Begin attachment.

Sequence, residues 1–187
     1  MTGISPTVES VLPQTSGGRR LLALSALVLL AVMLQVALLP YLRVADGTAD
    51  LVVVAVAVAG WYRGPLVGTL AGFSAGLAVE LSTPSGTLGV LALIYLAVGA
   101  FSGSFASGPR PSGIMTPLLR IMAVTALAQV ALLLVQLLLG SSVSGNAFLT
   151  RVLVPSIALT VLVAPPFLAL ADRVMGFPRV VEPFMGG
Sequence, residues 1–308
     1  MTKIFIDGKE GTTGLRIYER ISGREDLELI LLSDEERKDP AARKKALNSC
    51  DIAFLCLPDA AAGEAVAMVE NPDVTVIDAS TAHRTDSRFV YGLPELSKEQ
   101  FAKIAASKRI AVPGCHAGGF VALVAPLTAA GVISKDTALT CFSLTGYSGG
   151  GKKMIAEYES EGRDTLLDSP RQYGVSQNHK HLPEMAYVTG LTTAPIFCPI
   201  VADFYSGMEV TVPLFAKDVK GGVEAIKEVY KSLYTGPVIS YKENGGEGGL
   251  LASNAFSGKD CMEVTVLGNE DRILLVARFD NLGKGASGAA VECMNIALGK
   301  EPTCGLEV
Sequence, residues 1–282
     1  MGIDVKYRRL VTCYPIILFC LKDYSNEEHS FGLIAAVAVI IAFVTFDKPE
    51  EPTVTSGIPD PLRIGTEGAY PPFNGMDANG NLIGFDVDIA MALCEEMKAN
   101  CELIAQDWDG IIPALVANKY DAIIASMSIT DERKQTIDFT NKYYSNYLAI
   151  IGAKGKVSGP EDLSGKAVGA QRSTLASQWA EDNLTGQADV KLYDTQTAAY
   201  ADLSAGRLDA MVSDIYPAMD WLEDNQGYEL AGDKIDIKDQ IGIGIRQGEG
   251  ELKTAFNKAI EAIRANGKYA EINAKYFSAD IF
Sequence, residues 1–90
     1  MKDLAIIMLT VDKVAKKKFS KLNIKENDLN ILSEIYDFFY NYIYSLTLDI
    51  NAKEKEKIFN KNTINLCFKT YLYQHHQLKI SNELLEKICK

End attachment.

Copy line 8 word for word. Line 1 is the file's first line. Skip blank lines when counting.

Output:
    51  DIAFLCLPDA AAGEAVAMVE NPDVTVIDAS TAHRTDSRFV YGLPELSKEQ